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Novel insurance to help BPO firms cover breach

Insurers are fine tuning their traditional "errors and omissions" policies to explicitly include breach of contract, reports Prerna K Mishra.

india Updated: Nov 06, 2006 20:28 IST

The Indian business process outsourcing (BPO) sector which has been dogged by data theft controversies has found new friends in the insurance sector. Insurers are fine tuning their traditional "errors and omissions" policies to explicitly include breach of contract, which is a critical risk for service industries.

This would give the information technology-enabled service (ITES) companies a new handle to deal with instances like those involving data theft where they are held liable for breach of contractual obligations by clients. Current insurance policies are ambiguously drafted, industry officials say.

The direct commitment to explicitly cover breach of contract has come surprisingly from IFFCO-TOKIO General Insurance Co. Ltd. (ITGI) - a joint venture between the Indian Farmers Fertilizer Co-operative and The Tokio Marine & Nichido Fire Insurance Co. They have included breach of contract  as a feature in their policy specifically designed to protect India's software and service companies. The policy has been launched through a tie-up with UK-based specialist technology underwriter, Hiscox Plc.

“Indian technology companies are increasing becoming multinational. We recognized the need for a policy to protect Indian vendors against explicit breach of contract in addition to insuring them against litigation due to failure of software, deficiency in consultancy and failure of BPO units resulting in delays, systemic errors and technology failures,” said IFFCO-TOKIO's managing director Ajit Narain.

Raman Roy, chairman of BPO start-up Quattro, a pioneer in the country's BPO industry who set up operations for American Express and General Electric Co earlier, told Hindustan Times that in the absence of any Indian tie-ups, most technology companies were using international vendors to cover errors and omissions.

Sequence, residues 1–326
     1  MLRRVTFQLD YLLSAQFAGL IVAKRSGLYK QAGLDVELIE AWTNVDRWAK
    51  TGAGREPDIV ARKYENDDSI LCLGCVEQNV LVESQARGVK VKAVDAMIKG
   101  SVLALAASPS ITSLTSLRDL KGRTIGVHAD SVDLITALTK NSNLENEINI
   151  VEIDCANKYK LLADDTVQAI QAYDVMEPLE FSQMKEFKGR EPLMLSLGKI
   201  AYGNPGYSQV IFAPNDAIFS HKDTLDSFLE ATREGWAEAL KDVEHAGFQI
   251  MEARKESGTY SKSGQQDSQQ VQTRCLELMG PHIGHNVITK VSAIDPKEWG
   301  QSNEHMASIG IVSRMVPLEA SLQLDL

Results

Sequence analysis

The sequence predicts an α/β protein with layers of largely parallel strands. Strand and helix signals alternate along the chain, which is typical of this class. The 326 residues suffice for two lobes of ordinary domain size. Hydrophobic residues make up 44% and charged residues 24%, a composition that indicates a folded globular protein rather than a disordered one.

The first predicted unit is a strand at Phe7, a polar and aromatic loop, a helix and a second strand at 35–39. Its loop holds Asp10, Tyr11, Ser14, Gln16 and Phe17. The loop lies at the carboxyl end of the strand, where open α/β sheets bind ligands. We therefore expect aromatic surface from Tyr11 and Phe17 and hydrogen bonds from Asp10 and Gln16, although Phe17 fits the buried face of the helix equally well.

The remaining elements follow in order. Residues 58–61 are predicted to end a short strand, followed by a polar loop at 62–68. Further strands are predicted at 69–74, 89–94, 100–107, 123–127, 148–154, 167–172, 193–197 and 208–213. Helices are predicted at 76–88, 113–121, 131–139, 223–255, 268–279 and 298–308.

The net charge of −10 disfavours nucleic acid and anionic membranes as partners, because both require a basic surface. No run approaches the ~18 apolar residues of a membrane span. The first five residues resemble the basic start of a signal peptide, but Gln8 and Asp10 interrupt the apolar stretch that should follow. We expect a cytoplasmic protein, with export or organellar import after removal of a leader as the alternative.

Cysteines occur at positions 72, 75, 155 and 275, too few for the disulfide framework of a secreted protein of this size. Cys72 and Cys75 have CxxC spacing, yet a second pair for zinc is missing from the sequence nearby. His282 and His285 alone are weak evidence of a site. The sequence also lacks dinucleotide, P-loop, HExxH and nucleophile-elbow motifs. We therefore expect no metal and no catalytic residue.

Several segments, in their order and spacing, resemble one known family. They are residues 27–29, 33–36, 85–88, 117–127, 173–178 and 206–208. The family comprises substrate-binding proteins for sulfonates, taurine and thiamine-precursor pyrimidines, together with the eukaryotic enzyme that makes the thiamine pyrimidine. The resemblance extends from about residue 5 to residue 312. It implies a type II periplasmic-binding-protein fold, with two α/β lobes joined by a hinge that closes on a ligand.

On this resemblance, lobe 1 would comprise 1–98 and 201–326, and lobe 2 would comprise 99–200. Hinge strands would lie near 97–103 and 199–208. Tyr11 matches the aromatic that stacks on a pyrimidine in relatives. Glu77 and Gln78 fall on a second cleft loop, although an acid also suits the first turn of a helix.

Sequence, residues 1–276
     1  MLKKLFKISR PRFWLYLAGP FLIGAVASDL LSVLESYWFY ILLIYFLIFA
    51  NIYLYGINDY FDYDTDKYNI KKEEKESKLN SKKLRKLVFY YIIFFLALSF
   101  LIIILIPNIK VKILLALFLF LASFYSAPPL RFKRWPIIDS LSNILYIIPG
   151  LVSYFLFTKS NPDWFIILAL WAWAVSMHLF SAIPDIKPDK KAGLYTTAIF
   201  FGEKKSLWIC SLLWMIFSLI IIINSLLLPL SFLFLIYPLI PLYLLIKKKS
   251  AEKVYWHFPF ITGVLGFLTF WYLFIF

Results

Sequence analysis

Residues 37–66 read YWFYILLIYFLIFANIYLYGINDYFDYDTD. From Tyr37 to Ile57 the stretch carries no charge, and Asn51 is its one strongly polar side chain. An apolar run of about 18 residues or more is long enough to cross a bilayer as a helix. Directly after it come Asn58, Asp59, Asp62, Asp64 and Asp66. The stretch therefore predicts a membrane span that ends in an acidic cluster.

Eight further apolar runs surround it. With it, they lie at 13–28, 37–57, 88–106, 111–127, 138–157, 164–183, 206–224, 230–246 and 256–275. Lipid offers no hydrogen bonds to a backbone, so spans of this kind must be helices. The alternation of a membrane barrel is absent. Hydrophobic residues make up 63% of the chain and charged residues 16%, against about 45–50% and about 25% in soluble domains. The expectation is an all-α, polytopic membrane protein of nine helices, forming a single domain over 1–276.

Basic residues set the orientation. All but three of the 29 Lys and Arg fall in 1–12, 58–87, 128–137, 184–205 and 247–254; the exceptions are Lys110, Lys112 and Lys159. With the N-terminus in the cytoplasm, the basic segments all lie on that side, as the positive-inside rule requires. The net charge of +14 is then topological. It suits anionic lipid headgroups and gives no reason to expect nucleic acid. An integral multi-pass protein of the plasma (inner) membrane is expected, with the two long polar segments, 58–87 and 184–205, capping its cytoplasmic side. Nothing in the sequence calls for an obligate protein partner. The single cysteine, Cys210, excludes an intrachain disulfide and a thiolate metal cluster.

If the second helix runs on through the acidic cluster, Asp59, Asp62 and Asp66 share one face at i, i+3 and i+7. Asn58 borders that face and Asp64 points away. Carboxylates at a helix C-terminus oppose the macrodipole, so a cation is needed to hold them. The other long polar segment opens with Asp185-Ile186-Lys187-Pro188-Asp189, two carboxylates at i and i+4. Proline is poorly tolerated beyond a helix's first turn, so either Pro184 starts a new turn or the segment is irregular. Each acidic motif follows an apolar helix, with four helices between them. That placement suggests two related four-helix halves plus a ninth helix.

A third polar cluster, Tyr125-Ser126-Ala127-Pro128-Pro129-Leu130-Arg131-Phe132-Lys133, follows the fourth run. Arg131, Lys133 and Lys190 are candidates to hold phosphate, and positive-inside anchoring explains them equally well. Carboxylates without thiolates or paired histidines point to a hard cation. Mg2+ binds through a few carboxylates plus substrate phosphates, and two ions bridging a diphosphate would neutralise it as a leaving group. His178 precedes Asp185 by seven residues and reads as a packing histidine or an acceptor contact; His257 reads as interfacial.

"It is encouraging to see that Indian partners are showing the confidence to tread this uncharted territory," he said.

The sector, already plagued by a staff attrition rate of about 30 per cent, has been in addition trying to fight pilferage of personal data of foreign clients as well as intellectual property theft by exiting employees. Now they have an option to be insulated against infringement of intellectual property, breach of confidence or infringement of a right to privacy, defamation and payment for outstanding fees, Narain said.

With complex issues related to dealing with more than one jurisdiction, BPO companies have been shying away from sharing direct liability for breach of contract.

“In a way, the intent of every policy is to cover liability arising out of errors or omissions which in more cases than not is an indirect breach of contract. We always include unintentional breach of contract in writing such a policy. The problem so far has been with players writing ambiguous policies which create problems during the time of the claim,” said ICICI Lombard's national manager in the liabilities business, Anuj Tyagi.

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